For a few weeks one summer, Tyshawn Taylor saw the old Robbie Hummel, an efficient scorer who could play three different positions. For Taylor, this particular memory starts in June 2009, when Taylor, a sophomore guard at Kansas, joined Hummel, a junior forward at Purdue, at the USA basketball team trials in Colorado Springs, Colo.
Taylor and Hummel wouldn’t share much court time — Taylor was slated to play on the U-19 World Championship team, while Hummel would play on the World University Games squad — but Taylor still came away with a lasting impression.
“He’s a competitor, man,” Taylor said.
Nearly three years later, Taylor will have an opportunity to see the new Robbie Hummel, a fifth-year senior who has been through two major knee injuries and two seasons without NCAA Tournament basketball. The second-seeded Kansas Jayhawks will take the floor against No. 10 seed Purdue at 7:40 p.m. Sunday at the CenturyLink Center with a spot in the Sweet 16 on the line. And both players will be attempting to prolong their college careers.
For Hummel, the new version isn’t that much different than the old one. Maybe he’s a little bulkier now. Maybe he’s a little wiser, too, armed with the sort of perspective that forms after you go through a grueling knee rehab — only to blow out the same knee again the next season.
“It allows you to kind of look back at things,” Hummel said Saturday, two bags of ice taped to his knees as he stood in the Boilermakers’ locker room. “And (you) say … ‘Hey, it’s great to play in this tournament.’ ”
Back in the summer of 2009, when Hummel was one of the most impressive players at the USA camp, tournament appearances seemed like a given. Purdue had advanced to the Sweet 16 during his freshman season. Hummel was an All-America candidate. And with fellow standouts JaJuan Johnson and E’Twaun Moore in the same class, the Boilermakers were all set to be a Final Four contender during the 2009-10 season. Then came a late-season conference game at Minnesota on Feb. 24, and a jump stop that turned into disaster. Hummel slipped and tore the anterior cruciate ligament in his right knee, ending his season. The Boilermakers would lose to Duke in the Sweet 16.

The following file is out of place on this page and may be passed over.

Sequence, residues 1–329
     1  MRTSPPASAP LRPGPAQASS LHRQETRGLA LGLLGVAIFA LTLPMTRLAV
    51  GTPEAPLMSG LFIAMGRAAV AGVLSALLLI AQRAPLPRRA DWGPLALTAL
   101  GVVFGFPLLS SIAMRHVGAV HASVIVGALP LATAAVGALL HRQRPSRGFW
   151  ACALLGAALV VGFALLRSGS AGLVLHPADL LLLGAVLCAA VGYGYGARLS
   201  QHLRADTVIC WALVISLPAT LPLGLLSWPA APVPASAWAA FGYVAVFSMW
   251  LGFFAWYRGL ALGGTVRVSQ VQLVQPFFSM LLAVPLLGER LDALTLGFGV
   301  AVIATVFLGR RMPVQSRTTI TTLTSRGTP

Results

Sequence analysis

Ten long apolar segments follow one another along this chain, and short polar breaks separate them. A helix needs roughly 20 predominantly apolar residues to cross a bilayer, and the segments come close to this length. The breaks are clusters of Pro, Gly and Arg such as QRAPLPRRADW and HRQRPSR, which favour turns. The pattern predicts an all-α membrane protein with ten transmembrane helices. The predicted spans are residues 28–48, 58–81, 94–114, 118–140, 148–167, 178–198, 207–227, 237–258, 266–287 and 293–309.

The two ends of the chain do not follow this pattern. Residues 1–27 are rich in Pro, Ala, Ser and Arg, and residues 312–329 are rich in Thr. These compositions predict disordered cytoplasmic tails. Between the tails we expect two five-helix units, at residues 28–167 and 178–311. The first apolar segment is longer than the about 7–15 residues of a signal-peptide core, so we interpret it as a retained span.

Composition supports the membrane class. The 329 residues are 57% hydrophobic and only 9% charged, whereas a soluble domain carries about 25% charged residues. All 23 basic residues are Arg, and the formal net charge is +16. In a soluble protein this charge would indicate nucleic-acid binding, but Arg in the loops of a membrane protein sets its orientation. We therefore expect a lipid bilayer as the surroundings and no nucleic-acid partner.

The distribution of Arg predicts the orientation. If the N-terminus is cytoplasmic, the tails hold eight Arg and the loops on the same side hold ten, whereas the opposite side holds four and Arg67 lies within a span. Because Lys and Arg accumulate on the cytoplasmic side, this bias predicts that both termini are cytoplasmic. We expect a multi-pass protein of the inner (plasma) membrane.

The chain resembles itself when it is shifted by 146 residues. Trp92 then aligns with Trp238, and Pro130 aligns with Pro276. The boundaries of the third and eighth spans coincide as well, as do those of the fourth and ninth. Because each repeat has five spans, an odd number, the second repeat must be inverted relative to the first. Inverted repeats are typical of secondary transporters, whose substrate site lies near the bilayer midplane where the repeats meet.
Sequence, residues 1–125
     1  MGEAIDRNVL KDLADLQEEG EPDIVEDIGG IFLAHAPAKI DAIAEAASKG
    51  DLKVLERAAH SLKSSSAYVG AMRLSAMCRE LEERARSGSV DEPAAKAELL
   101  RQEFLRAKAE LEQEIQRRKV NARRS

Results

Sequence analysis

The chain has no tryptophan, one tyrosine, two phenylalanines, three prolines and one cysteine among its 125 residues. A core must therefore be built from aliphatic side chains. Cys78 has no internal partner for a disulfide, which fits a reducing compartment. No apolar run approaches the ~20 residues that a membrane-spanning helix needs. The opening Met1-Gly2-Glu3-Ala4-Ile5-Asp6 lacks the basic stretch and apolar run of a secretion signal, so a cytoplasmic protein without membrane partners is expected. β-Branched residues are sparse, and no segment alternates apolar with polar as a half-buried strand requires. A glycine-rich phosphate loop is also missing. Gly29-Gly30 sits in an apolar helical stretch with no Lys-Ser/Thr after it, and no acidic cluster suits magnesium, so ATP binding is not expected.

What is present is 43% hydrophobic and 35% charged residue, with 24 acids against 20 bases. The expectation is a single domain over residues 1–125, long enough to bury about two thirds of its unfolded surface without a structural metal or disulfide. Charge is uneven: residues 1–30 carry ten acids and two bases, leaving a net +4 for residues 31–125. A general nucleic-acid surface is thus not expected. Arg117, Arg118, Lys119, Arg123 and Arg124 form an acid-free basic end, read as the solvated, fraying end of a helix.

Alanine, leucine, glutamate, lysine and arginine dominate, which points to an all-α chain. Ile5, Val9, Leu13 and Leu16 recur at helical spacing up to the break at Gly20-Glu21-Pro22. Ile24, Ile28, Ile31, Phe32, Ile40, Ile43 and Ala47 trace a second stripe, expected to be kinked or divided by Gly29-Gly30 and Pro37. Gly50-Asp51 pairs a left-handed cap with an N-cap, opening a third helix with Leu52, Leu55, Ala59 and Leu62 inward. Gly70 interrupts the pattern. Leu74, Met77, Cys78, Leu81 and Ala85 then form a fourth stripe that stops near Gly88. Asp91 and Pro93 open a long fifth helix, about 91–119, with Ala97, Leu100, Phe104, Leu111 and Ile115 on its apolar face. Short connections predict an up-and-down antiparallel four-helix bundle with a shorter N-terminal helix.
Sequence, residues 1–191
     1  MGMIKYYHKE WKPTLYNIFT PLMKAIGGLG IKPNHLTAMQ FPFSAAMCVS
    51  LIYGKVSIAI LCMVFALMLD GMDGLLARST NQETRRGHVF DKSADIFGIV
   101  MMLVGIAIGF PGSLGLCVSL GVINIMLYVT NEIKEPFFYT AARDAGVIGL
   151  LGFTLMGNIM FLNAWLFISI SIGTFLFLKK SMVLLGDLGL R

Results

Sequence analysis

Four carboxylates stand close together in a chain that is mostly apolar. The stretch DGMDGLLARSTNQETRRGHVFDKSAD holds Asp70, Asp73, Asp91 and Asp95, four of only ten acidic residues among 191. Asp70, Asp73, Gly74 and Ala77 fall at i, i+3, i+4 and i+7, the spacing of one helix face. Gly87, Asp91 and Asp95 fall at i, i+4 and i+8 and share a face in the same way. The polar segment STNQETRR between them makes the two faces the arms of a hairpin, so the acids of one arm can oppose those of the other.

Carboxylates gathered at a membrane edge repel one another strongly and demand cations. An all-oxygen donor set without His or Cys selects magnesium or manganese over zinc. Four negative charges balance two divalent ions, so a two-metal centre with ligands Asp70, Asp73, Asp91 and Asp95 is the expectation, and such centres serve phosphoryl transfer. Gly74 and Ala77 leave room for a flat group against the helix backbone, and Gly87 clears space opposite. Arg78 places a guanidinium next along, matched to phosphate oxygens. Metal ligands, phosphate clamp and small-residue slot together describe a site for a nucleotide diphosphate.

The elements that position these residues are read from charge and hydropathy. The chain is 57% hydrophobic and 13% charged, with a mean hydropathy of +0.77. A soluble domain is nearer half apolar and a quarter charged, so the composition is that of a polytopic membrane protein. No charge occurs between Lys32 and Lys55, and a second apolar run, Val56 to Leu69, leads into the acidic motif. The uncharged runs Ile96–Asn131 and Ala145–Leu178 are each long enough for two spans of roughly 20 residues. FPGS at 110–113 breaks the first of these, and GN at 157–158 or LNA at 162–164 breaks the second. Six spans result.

Eight months later, after a summer of rehab and training, Hummel was feeling healthy and ready to return for his senior season. Johnson and Moore had decided to forego the NBA draft and return to Purdue. And again, the Boilermakers would be a top-10 team. Then came a preseason practice, and an awkward landing that re-tore the repaired ligament. Hummel’s return was crushed.
“The second time,” Hummel said, “we’re ranked No. 2 in the country to start the season. So, it was certainly disappointing to get hurt and miss out on those runs.”
Purdue’s victory over St. Mary’s on Friday night helped make up for some of those missed opportunities. After averaging 16.1 points per game during the season, Hummel had 10 points as the Boilermakers held on down the stretch in a 72-69 win.
Now comes Kansas, and another rather large obstacle. A 6-foot-8 forward with perimeter skills, Hummel will likely be asked to guard Kansas forward Thomas Robinson.
“He’s listed at 6-10,” Hummel said. “I don’t know if he’s that big. But I think I’ve been guarding centers all year, so it shouldn’t be any different.”
Of course, that also means that Robinson could be asked to chase Hummel around the outside. Hummel shot 37 percent from three-point range this season, while averaging 23.6 points per game during a six-game stretch late in Big Ten play.
“He’s just injuries away from playing in the (NBA),” Kansas coach Bill Self said.
Still, Hummel says it took him until February to feel fully comfortable. And if he’s being honest, he’s probably still regaining some of his old explosiveness.
“It’s just something where you have to get used to cutting again, jumping, rebounding in traffic,” Hummel said. “Those have been probably the three hardest things.”
Hummel’s senior season hasn’t been perfect. Purdue lost Moore and Johnson to graduation. And starting guard Kelsey Barlow was kicked off the team in February for disciplinary reasons. The Boilermakers finished just 22-12, including a 10-8 record in a rugged Big Ten. But a Sweet 16 appearance would certainly wipe away some of that turmoil. And for Hummel, it would mean at least one more game, another opportunity to make up for lost time.
“When it’s been taken away from you for two years,” Hummel said. “I definitely appreciate it more because of that.”